As the tribes have inhabited the forests for generations it’s their legal right to live there with some limitations, as also assured to them in the Forest Rights Act (FRA). However, norms are seldom followed during eviction.

“Most of the families were moved without legal framework. FRA gives tribals an option to continue living in the core zone or move voluntarily. But no one was told that they had a choice and many were forced to sign the papers,” Sophie Grig, from Survival International, told IANS.

“An official told us to sign a letter of consent quickly. He said that we would get money or that we would go to another village. They were determined to destroy our village,” a tribal from a relocated village, called Jholar, said in a letter to Madhya Pradesh Human Rights Commission.

Another tribal, Lakhand Merabi, declared, “Irrespective of what happens to us, we will stay here.”

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But he had to leave. Over 1,400 families from nine villages of the Baiga and Gond tribes were moved from the core forest area between 2010 to 2015.

A village named Kariwah was moved this year. “One more is in the pipeline,” said a forest official. About seven villages still exist in the core zone of Kanha while over 36 had been moved slowly since 1969.

The number of people relocated remains unknown.

While many tribal families didn’t like leaving, some families preferred relocation and also benefited through education for their children.

“Some Gond families were happy to relocate but most were not,” Sophie said.

Ramkali Durbe and Sukhbati Durbe, who are now guides at Kanha, reflect the positive side of relocation and efforts by the forest department.

“I know these forests like my home, and love to show people around,” Ramkali, whose village in Mukki zone of Kanha was shifted few years back, told IANS.

However, the issue of ‘social security’ – a new concept for those relocated — continues to haunt.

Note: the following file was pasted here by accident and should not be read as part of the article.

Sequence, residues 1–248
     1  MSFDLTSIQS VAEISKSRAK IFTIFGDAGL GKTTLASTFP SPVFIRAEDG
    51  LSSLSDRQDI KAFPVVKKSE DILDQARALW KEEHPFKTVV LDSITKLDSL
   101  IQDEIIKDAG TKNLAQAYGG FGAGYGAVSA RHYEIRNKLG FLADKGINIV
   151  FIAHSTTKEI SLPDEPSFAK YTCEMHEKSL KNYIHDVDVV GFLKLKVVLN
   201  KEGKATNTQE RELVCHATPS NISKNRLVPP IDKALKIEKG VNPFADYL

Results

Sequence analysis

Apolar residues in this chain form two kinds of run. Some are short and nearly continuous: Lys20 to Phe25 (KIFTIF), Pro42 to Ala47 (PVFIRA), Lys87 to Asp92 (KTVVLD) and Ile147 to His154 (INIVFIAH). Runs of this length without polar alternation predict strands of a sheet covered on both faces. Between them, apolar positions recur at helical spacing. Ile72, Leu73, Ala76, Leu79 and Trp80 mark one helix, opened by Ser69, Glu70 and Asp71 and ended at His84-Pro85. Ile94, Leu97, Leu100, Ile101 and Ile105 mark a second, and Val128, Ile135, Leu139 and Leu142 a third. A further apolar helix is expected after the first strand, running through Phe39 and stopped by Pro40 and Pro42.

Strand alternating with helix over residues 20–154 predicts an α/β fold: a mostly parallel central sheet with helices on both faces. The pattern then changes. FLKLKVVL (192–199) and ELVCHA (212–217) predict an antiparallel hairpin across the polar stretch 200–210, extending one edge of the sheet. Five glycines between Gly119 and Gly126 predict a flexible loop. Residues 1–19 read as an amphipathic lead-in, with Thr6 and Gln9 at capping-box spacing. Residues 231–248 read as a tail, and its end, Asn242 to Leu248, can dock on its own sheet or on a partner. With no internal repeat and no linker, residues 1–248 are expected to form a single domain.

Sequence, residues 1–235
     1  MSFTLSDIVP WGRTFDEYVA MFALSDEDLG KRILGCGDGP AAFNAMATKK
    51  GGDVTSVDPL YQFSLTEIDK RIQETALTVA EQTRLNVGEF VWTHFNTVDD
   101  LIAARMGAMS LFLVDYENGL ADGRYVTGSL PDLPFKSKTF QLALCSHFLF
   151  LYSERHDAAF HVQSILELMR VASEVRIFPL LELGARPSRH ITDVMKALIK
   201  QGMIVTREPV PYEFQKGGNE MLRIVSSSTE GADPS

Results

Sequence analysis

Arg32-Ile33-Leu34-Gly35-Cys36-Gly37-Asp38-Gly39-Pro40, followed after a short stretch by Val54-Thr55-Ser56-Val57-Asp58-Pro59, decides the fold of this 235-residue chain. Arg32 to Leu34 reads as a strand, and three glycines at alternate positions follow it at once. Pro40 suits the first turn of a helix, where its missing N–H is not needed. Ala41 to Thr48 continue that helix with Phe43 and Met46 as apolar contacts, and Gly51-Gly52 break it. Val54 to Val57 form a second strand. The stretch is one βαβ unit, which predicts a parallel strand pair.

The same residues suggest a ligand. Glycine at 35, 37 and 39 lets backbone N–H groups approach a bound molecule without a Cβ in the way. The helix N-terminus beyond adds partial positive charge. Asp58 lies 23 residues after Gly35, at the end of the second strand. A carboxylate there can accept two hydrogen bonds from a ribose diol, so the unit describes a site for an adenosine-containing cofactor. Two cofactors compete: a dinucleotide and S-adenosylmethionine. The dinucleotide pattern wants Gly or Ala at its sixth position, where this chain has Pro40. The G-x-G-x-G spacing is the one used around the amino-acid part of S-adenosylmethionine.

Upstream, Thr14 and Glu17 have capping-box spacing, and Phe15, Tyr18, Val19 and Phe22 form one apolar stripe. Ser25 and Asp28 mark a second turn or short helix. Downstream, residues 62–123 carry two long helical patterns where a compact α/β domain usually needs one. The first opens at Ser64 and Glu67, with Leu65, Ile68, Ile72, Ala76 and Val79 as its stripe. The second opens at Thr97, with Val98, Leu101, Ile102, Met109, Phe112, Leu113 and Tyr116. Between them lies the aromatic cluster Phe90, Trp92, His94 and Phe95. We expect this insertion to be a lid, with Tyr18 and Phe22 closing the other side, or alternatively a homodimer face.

“Most of those relocated prefer living in the vicinity of their relatives for the sense of security,” Chauhan said.

Such cases are however not limited to Kanha alone. Khadia and Munda tribe in Odisha’s Simlipal National Park and Baiga of Achanakmar Wildlife Sanctuary in Chhattisgarh are meeting the same fate in the name of tiger conservation.

However there are exceptions, Grig says, as the Solinga Tribes of BR Hills Tiger Reserve, in Karnataka, and Tharu tribes of Dudhwa Tiger Reserve, Uttar Pradesh, never shifted – and with little help they stand guard between poachers and the forest. (IANS)

  • Shubhi Mangla

    The concerns of these tribal communities are justified. Moreover, making resorts or any such luxury buildings will also damage our flora and fauna.

  • Vrushali Mahajan

    There should be steps taken to conserve these forests along with the lives of these tribes as thye find it very difficult to manage with the urban lifestyle.

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  • Shubhi Mangla

    The concerns of these tribal communities are justified. Moreover, making resorts or any such luxury buildings will also damage our flora and fauna.